Even if you only do a very small amount of weight training you increase your fat burning – not while youre training, but when you rest. American sports scientists have shown this for the first time in a study on the long-term effects of weight training. The results of their research have been published in Medicine & Science in Sports & Exercise.
The researchers did a trial with forty fat men and women. The experiment lasted six months. Half of the test subjects did nothing, and the other half trained three times a week in a gym. During each training session the test subjects completed a minimal training programme, which did cover all the important muscle groups.
Each training session consisted of nine exercises – chest press, back extension, lateral pull-down, triceps extension, shoulder press, leg press, calf raise, leg curl, and abdominal crunch. The weight used was set at 85 percent of the weight at which the test subjects could perform just one rep. The subjects did three to six reps. Whenever they managed to do more than six reps, the supervisors increased the weight.
The table below shows the effect of the programme on the body composition of the test subjects. C = control group, RT = resistance training.
The minimal training programme didn’t stop these fat people from becoming fatter. But the increase in the fat mass and the percentage of body fat in the resistance training group was smaller than in the control group.
Before and after the programme the researchers shut the test subjects up in a room calorimeter for one day. This enabled the researchers to check the test subjects’ excretions and to measure what they breathed in and out. This way they could measure exactly how much energy the test subjects used. The figure below shows the effect on the resting metabolic rate (the amount of energy you expend when you’re doing absolutely nothing) and the sleeping metabolic rate (the amount of energy you use when you sleep).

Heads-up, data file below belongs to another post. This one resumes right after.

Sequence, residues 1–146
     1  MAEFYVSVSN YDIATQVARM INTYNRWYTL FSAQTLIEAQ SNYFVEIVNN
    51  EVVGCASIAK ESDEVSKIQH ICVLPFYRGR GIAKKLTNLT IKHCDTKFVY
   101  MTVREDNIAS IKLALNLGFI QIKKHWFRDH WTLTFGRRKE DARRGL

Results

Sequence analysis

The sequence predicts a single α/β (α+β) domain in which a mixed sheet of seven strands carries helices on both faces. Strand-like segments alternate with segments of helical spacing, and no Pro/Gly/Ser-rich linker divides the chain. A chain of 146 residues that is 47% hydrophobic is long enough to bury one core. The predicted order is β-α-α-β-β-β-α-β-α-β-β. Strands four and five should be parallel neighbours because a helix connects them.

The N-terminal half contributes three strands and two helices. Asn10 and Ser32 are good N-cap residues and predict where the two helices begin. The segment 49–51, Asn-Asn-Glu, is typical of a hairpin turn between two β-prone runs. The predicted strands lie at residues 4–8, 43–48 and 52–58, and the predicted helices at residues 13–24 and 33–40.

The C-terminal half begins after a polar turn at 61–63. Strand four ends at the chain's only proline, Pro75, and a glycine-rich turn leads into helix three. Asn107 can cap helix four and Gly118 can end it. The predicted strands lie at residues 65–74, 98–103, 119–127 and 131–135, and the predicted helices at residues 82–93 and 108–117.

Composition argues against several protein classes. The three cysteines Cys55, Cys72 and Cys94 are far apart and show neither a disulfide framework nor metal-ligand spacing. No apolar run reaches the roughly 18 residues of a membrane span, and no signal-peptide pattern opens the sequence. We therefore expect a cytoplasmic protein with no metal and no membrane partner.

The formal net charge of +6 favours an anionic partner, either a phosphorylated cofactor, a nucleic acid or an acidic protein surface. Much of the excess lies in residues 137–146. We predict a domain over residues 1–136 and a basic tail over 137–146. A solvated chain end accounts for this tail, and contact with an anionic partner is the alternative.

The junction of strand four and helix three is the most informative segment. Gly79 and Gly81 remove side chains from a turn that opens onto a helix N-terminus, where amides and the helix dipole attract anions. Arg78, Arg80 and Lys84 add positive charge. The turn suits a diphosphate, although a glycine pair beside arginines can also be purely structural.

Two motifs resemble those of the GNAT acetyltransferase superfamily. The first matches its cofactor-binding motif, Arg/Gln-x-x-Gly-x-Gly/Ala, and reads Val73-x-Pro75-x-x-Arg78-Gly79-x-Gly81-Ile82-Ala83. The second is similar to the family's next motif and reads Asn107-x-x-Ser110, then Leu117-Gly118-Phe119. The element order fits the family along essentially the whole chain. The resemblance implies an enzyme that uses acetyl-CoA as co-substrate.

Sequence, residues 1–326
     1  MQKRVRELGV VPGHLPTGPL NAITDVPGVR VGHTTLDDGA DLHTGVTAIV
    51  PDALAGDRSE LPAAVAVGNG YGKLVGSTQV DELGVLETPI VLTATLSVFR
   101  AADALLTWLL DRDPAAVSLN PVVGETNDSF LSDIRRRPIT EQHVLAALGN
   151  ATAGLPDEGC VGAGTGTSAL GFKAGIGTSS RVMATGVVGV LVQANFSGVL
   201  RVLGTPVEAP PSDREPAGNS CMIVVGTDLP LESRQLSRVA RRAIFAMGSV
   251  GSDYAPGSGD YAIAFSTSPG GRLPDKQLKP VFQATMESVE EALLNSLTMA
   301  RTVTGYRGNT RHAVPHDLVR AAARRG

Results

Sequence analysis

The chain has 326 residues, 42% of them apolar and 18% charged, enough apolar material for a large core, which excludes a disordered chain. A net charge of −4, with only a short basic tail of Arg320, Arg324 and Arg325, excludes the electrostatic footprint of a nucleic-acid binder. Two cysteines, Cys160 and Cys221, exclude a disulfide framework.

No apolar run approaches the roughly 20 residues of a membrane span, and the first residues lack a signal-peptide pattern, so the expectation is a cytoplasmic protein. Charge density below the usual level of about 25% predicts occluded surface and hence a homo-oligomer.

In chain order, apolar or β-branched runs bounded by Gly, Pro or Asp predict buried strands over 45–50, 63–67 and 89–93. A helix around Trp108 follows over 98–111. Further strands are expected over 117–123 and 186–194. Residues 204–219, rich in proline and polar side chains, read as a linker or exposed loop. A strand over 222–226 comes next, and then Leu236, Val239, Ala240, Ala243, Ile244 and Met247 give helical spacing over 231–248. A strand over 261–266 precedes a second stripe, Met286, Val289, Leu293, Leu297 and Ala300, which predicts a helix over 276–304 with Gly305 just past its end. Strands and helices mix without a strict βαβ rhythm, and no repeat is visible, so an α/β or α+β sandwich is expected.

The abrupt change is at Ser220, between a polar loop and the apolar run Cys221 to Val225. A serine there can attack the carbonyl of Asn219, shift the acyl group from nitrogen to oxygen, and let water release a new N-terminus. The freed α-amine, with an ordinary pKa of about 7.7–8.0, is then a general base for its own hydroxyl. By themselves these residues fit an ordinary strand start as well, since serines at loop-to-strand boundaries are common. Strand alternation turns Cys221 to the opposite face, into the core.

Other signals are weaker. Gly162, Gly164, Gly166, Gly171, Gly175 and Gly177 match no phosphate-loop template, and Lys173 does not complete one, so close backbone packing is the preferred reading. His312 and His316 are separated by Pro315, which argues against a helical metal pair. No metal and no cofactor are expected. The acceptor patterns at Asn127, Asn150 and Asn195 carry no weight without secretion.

It’s the fat burning that goes up as a result of doing weight training, even though the effect is not statistically significant. The researchers believe that something went wrong during the first measuring session, before the experiment started. The test subjects probably consumed less energy than they used up.
The Americans did not study how weight training increases energy expenditure exactly. They do have a few ideas though. Weight training leads to an increase in production and breakdown of muscle protein, and that costs energy. That’s one theory.
Another is that the training leads to increased activity of hormones such as adrenalin and noradrenalin. These stimulate the fat cells to release their content into the circulatory system and raise the energy burning in the tissues. That’s a second theory.
“The minimal resistance training protocol described in this study may provide an attractive alternative to either aerobic exercise or multiple-set resistance training programs for weight management in busy young adults, owing to the minimal time commitment (11 min per session) and the fact that participants did not need to change clothes or shower”, the researchers write. In conclusion they say that in studies with a higher training volume – and probably with more test subjects – they’ll see stronger effects.
Minimal resistance training improves daily energy expenditure and fat oxidation.
Long-term resistance training (RT) may result in a chronic increase in 24-h energy expenditure (EE) and fat oxidation to a level sufficient to assist in maintaining energy balance and preventing weight gain. However, the impact of a minimal RT program on these parameters in an overweight college-aged population, a group at high risk for developing obesity, is unknown.
We aimed to evaluate the effect of 6 months of supervised minimal RT in previously sedentary, overweight (mean +/- SEM, BMI = 27.7 +/- 0.5 kg x m(-2)) young adults (21.0 +/- 0.5 yr) on 24-h EE, resting metabolic rate (RMR), sleep metabolic rate (SMR), and substrate oxidation using whole-room indirect calorimetry 72 h after the last RT session.
Participants were randomized to RT (one set, 3 d x wk(-1), three to six repetition maximums, nine exercises; N = 22) or control (C, N = 17) groups and completed all assessments at baseline and at 6 months.
There was a significant (P < 0.05) increase in 24-h EE in the RT (527 +/- 220 kJ x d(-1)) and C (270 +/- 168 kJ x d(-1)) groups; however, the difference between groups was not significant (P = 0.30). Twenty-four hours of fat oxidation (g x d(-1)) was not altered after RT; however, reductions in RT assessed during both rest (P < 0.05) and sleep (P < 0.05) suggested increased fat oxidation in RT compared with C during these periods. SMR (8.4 +/- 8.6%) and RMR (7.4 +/- 8.7%) increased significantly in RT (P < 0.001) but not in C, resulting in significant (P < 0.001) between-group differences for SMR with a trend for significant (P = 0.07) between-group differences for RMR.
A minimal RT program that required little time to complete (11min per session) resulted in a chronic increase in energy expenditure. This adaptation in energy expenditure may have a favorable impact on energy balance and fat oxidation sufficient to assist with the prevention of obesity in sedentary, overweight young adults, a group at high risk for developing obesity.
PMID: 19346974 [PubMed - indexed for MEDLINE] PMCID: PMC2862249